Among the nice things about the apartment-mansion, having a dumpster along the route to my parking spot is among the middle to maybe nicer things. If I aim a bag just right, it disappears into the ether, along with any bad memories its contents may have contained. Today I threw away two things that I once liked until their memories became sullied, and rather than keep them for saccharine lamentation, away forever they did go.
Mint condition items are weird. If you never wear the concert shirts you bought, never used the bottles of soap you got on sale, then unless it’s for some kind of museum preservationism, what was the point? I wore a fresh concert shirt, its cotton still smelling vaguely of factories all these years later, to bed and wore an ever-so-slightly off-white Wii Fit hat today. This sort of object reverence in everyday living is weird.
How many hundreds of CDs do I own because others like them more than me? More than one. More than ten. Maybe more than hundreds? It took me until my hoarding nadir to realize that I would buy anything that caught my fancy, rather than just specifically that which I appreciated the most. As I’m going through my collections to figure out what I’d sell for a dollar, I realize it’s actually a good portion.
One compromise I could make with my collections is doing what my neighbors just did. They kept the media and recycled the abundant packaging. I can respect that mentality. Maybe they like the movies but not enough to peruse their packaging? For me, if I don’t care enough about the movie to own its entire packaging, why own it? I suppose my lifestyle is one where I naturally favor new experiences rather than infrequent rewatches.
If the hardest decisions I have to make in the next few months determine the fate of most of my property, I’m in excellent shape. If that means putting in a CD, listening, and having honest inner monologues about why I like the object and whether those feelings can be condensed into an essay, then that means I’m not fighting for a paycheck, struggling to stay afloat, or otherwise dealing with life’s malignant stress demons.
We’ll wear many hats throughout the journeys of our lives. How many of those hats do we need to keep as trophy artifacts? Other than the ones that help us feel better, or remind us of particular memories, not as many as we might expect. It’s easier keeping things and never looking at them again than making difficult downsizing decisions, yet once we do, we’re reinvigorated to wear the remaining hats or get new ones.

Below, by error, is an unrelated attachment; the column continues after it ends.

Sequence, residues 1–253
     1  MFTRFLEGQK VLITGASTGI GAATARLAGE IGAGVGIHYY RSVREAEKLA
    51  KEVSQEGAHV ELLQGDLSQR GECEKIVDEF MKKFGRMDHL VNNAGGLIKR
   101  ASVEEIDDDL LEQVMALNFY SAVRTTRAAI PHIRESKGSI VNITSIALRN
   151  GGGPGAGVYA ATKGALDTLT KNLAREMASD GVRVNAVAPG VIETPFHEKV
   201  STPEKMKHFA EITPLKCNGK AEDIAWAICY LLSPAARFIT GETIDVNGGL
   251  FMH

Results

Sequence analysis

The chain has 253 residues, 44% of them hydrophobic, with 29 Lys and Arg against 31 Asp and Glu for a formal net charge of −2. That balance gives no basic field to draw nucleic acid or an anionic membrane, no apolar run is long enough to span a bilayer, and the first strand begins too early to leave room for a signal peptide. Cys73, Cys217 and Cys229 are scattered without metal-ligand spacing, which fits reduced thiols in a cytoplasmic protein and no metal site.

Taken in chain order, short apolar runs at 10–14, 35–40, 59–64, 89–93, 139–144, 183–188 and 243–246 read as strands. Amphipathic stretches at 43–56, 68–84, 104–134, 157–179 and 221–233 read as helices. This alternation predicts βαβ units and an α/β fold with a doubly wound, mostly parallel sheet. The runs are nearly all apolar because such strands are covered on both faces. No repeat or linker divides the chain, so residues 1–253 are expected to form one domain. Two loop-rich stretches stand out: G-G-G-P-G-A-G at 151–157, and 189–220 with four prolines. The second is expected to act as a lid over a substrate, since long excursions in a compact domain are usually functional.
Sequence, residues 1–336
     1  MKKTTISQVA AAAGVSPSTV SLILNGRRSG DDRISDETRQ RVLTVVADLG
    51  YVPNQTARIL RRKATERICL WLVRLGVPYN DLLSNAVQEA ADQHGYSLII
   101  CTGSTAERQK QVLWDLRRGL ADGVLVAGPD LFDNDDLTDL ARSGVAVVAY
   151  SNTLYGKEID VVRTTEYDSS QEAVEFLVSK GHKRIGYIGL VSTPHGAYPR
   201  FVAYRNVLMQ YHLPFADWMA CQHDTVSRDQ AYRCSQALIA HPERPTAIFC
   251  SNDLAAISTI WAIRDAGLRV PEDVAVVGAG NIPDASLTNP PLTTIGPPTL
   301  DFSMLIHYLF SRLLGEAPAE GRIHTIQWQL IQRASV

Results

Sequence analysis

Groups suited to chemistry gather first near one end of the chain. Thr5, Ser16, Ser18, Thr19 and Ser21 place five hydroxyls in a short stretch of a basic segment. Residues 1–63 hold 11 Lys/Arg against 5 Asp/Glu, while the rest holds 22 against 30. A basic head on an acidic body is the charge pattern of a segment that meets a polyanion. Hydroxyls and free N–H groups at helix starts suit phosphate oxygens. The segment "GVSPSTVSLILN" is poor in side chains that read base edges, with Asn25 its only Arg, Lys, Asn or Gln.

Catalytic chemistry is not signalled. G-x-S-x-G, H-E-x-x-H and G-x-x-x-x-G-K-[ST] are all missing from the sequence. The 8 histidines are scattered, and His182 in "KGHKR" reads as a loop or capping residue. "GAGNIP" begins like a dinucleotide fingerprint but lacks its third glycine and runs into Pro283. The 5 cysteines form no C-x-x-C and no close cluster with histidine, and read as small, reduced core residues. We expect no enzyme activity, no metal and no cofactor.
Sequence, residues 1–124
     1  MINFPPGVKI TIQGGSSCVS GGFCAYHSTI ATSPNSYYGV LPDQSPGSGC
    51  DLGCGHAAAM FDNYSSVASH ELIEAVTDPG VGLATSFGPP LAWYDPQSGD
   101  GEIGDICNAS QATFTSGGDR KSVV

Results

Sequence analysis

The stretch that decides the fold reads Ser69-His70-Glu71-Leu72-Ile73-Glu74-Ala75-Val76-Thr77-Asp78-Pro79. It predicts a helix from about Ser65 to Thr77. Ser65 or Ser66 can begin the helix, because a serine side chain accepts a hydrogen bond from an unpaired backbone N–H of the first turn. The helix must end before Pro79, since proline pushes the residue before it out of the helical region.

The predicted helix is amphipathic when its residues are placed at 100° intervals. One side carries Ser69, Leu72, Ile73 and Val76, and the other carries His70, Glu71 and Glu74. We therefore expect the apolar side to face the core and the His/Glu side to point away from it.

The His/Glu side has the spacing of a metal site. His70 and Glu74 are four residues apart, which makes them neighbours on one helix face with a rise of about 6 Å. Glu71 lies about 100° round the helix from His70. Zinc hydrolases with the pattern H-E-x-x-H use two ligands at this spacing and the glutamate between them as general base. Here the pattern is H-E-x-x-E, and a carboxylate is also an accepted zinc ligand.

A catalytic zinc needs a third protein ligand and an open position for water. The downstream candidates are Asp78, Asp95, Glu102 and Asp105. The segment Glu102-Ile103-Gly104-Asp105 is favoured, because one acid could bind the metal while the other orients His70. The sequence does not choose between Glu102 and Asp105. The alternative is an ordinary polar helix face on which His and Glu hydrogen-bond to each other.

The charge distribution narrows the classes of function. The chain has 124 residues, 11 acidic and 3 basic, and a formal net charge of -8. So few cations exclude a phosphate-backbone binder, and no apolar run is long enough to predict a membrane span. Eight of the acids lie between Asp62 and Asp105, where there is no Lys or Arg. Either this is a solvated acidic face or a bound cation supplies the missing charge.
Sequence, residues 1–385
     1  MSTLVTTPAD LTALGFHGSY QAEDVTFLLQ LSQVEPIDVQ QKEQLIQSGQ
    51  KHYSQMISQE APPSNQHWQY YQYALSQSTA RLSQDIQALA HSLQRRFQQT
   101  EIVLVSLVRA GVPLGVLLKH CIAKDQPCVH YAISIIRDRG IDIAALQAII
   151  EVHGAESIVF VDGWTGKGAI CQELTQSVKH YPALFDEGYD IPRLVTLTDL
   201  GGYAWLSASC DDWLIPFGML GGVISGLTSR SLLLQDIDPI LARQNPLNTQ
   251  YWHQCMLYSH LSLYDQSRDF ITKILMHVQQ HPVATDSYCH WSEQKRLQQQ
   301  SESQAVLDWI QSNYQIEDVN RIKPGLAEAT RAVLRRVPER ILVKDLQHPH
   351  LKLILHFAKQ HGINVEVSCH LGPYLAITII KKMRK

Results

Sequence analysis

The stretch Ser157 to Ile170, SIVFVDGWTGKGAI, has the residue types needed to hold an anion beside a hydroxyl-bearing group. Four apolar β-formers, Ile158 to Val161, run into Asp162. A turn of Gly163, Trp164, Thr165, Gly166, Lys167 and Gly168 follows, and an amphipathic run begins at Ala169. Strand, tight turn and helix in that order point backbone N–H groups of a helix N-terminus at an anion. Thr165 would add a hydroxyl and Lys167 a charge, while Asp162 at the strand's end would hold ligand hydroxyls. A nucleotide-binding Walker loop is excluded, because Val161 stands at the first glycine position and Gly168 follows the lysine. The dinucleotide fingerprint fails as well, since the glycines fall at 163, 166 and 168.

5S revolutionized the way I professionally work but it’s cumbersome for me to remember the nuances and particularities in my personal work. This 3S is more of a riff than tribute, since I’m beginning to realize that I sort through collections of things the fastest in three main stages: stage, sort, then sell. Staging means bringing everything together. Sorting is the process I’m learning about almost daily. Selling, then, should be the easiest part, right?
On some lunch breaks some lifetimes ago, I would walk along the piers and beaches, my mind emptying itself of that morning’s stressors, and I might catch a speedboat, yachts leisurely enjoying the day or massive cruise ships that were like portable skyscrapers, and I’d wonder: How can I switch places? This wasn’t out of envy for the rich or out of want for sailing, rather: How can I afford a lifestyle of daily leisure?
I spend days off working on infrastructure changes and workdays maintaining my sanity. I can do some light “infrastructure” changes like moving things around or sifting through a box of stuff, though mostly I’ll spend my early mornings and late evenings “maintaining” my workload, including catching up on my editing, so my weekends aren’t stuck editing five essays. It’s a tricky balance. If I clear out maintenance tasks, I can make massive infrastructure changes quickly.
My biggest regret in life might be buying too much stuff. People come and go in life. You can get new jobs. Those things which become broken can be fixed or mended, mostly. But when I look back over ten year’s worth of salary and see how far that’s gotten me, there are tinges of regret scattered through the $1 CDs I’m sifting through and the more expensive purchases that I squandered money on almost needlessly.